Even of her head-dresses the form is occasionally so far varied as to preclude our placing implicit reliance on that alone, in the appropriation of this bust.  It is unfortunate that the nose in these busts is so much injured as to prevent our availing ourselves of that feature in a comparison with the medals, and, with these reasons for hesitation, we do not venture to pronounce positively that the Museum bust is a portrait of Sabina; yet, upon repeated and careful comparisons with the several medals of that Empress, and also with those of Matidia, we certainly are of opinion that it is so. The coins upon which the head-dress of the bust is best represented, are those of large brass which have for their reverse a seated figure of Ceres ; but that which more particularly coincides in character and countenance, is one which also has the hair well drawn up behind and has the reverse of CONCORDIA AUG. The severity of expression which Mr. Combe observes in the bust now under consideration, appears probably much stronger than was originally intended, in consequence of a piece of the lower lip having been broken away. This bust is well executed, and affords an admirable specimen of the extraordinary head-dress worn at the period, and gives an almost painful idea of the time and labour which must have been expended in framing so singular a superstructure.  The head only from the upper part of the throat is antique; the nose has been restored, and several small holes disfigure the surface. Mr. Towneley has not left any memorandum of the source whence he derived this monument. Height of antique portion 11 1/2 in.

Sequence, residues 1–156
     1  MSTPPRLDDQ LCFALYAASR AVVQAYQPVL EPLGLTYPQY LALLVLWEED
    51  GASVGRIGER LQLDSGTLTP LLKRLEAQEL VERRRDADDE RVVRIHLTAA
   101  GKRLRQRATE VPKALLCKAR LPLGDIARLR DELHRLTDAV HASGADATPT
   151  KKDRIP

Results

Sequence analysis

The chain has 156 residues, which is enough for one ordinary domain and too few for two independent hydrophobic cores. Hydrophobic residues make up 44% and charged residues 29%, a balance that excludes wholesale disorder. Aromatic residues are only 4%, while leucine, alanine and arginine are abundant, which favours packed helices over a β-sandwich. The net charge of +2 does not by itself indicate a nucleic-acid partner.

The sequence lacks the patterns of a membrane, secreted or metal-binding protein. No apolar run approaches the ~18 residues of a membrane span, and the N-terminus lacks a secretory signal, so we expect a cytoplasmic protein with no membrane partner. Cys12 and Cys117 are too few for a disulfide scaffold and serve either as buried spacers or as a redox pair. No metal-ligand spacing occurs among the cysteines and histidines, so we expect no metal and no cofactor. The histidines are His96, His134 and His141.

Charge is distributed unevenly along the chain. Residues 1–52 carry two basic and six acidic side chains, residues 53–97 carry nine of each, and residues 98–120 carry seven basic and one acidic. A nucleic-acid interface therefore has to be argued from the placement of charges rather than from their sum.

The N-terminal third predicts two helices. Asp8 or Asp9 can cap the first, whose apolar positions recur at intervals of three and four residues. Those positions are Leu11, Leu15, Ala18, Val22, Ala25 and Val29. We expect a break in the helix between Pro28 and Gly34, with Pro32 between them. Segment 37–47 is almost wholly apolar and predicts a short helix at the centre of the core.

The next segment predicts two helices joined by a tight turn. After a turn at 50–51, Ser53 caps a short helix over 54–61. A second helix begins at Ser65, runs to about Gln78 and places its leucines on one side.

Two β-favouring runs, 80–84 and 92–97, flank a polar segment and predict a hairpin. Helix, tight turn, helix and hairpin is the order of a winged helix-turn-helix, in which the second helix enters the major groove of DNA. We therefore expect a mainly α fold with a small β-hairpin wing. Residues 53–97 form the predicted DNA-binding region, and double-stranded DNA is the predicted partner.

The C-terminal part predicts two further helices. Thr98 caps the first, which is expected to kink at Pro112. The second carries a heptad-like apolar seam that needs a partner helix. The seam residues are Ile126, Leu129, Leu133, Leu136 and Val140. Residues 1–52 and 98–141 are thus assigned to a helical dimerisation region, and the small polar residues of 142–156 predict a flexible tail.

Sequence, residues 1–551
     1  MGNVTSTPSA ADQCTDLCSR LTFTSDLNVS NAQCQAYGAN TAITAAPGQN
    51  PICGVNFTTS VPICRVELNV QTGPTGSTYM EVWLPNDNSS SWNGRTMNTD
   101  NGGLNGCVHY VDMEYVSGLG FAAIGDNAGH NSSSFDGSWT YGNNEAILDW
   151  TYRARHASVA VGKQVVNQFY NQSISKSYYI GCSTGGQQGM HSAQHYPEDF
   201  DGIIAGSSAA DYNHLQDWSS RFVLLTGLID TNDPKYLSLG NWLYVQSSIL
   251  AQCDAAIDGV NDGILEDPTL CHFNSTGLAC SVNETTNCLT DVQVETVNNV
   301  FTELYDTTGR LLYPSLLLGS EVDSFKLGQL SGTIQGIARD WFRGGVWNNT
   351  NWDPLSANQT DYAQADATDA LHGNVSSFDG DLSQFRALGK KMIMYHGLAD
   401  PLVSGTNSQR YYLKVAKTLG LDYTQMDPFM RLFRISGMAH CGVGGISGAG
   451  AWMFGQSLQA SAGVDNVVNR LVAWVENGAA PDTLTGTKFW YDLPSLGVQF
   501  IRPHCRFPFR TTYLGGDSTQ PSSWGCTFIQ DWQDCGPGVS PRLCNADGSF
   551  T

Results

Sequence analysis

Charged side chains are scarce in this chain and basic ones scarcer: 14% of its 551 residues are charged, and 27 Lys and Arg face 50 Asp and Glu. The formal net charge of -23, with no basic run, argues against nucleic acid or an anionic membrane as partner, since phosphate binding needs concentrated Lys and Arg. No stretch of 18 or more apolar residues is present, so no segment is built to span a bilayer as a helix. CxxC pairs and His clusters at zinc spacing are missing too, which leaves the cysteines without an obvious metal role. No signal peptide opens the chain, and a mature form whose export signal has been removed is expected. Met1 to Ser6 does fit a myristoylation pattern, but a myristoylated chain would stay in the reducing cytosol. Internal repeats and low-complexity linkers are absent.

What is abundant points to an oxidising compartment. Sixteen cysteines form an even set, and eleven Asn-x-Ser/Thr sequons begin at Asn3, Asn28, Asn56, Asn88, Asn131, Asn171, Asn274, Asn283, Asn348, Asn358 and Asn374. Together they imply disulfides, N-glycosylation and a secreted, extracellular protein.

These prints of of drawings of sculptures in the British Museum are for sale on Ebay.

An example from Temple of Appollo Epicurius on mount Cotylion
More images from the

From Annals of the Fine Arts for MDCCCXVIII, Vol III..
Art. XV. A Description of the Collection of Ancient Marbles in the British Museum; with Engravings. Part III. London, 1818.
Thb present volume contains a description of the marbles in the fourth room of the Gallery of Antiquities, and consists of a basso-relievo of Bonus Eventus, engraved by G. Cooke, two plates, one representing the west view of the fourth room, the other the east view of the same room, exquisitely engraved in outline by H. Moses, from drawings by Mr. Henry Corbould: all the others are by various engravers, from the correct and beautiful drawings of our late lamented friend Alexander, of whom Mr. Taylor Combe, the learned editor, says, " we cannot refrain from expressing, though in few words, our sincere regret at the loss sustained by the death of that very able artist, who, in conducting the part allotted to him in this work, was not less distinguished by his zeal than by his talents;" to which we add our most cordial and unlimited assent.